The Lord Redeems His Covenant Children
Alma 1 -- Alma 44
Alma 26:3 How Many of Them Are Brought to Behold the Marvelous Light of God:
According to Richard Rust, with respect to modern-day Lamanites, the overall structure of the Book of Mormon is like a triangle. The book begins and ends with concern for the Lamanites' receiving the gospel. . . . At the apex of the triangle is an account of a great spiritual change among the Lamanites. That is the turning point because it is the climax of centuries of efforts to bring the gospel to the Lamanites and because of the opposing forces it brings on.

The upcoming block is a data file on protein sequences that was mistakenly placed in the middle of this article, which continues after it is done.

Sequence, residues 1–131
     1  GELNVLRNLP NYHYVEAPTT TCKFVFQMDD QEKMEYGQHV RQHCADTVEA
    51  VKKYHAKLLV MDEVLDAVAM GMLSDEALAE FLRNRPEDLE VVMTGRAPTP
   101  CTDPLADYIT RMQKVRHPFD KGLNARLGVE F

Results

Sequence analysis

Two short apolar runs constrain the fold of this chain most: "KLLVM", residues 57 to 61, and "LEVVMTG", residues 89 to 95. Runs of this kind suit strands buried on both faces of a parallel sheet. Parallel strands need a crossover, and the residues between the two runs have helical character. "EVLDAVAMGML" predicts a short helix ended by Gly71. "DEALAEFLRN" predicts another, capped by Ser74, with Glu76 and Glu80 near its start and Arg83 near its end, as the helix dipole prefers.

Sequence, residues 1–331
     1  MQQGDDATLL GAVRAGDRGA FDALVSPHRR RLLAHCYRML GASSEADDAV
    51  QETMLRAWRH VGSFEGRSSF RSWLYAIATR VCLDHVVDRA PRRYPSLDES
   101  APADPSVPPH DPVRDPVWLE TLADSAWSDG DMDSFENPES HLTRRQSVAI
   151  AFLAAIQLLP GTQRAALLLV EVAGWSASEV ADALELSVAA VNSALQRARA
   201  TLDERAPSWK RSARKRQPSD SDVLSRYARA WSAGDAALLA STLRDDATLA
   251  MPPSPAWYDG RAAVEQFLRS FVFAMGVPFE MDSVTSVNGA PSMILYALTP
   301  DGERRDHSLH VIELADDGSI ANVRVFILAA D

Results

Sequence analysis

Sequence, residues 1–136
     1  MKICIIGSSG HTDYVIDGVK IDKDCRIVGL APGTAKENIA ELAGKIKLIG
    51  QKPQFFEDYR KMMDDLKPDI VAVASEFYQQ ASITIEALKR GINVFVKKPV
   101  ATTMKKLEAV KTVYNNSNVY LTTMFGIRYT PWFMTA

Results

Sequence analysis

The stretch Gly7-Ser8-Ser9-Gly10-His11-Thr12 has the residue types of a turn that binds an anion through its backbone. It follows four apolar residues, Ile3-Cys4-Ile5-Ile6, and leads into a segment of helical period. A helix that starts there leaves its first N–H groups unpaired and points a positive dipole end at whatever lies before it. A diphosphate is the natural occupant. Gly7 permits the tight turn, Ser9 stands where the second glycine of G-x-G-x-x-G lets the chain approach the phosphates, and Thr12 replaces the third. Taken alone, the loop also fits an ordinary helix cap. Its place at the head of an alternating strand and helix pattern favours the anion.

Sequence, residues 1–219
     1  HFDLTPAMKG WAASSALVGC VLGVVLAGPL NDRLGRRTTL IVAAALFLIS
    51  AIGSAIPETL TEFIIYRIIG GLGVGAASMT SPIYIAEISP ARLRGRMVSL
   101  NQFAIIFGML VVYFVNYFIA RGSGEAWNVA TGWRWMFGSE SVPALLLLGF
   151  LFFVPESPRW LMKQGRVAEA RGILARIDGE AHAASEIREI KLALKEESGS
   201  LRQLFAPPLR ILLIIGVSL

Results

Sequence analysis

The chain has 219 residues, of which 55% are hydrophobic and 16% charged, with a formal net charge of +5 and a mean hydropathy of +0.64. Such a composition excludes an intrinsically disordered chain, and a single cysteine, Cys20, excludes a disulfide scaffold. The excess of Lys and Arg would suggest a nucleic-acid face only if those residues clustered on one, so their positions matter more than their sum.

This apex occurs in the physical center of the Book of Mormon. The section of Alma that includes chapters 23 through 26 (which is just one chapter, Alma 14, in the first edition) treats a wholesale conversion of the Lamanites. This central part begins with the decree of the king of the Lamanites that Ammon and his brethren should be free to preach the word of God throughout all the land and ends with gratitude expressed by these great missionaries for the thousands of Lamanite souls "brought to behold the marvelous light of God" (Alma 26:3). The earlier warlike and reprobate nature of the Lamanites has given way to the wholehearted acceptance of the gospel once converted. [Richard D. Rust, Feasting on the Word, pp. 234-235]
Alma 26:5 And Did Reap with Your Might[s]: